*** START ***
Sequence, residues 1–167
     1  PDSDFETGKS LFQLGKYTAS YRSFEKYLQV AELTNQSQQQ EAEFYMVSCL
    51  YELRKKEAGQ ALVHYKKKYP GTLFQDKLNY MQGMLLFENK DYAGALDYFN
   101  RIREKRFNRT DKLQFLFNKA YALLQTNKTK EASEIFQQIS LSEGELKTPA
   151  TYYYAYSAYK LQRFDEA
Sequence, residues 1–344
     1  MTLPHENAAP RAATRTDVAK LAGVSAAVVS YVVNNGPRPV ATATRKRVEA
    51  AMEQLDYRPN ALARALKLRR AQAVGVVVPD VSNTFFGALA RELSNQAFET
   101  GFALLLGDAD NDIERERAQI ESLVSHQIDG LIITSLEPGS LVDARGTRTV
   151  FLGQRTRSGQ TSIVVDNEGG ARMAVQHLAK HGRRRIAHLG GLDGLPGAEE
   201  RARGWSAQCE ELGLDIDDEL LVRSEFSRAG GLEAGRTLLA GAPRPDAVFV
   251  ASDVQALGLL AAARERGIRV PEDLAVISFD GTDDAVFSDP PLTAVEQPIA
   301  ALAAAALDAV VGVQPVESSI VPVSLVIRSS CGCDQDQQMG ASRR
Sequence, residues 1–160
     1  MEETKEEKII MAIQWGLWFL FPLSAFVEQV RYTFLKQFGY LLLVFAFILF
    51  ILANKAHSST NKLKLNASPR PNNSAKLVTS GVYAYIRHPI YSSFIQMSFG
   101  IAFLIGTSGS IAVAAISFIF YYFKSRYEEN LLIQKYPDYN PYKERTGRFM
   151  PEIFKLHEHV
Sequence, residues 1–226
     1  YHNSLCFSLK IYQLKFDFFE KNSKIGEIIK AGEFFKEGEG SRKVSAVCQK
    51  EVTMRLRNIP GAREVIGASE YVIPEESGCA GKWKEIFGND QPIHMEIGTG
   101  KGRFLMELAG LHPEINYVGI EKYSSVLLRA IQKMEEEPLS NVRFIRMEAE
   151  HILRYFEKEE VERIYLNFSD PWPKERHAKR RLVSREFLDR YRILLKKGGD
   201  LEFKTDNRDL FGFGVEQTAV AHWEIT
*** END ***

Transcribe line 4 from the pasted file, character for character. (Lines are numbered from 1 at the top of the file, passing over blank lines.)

   101  RIREKRFNRT DKLQFLFNKA YALLQTNKTK EASEIFQQIS LSEGELKTPA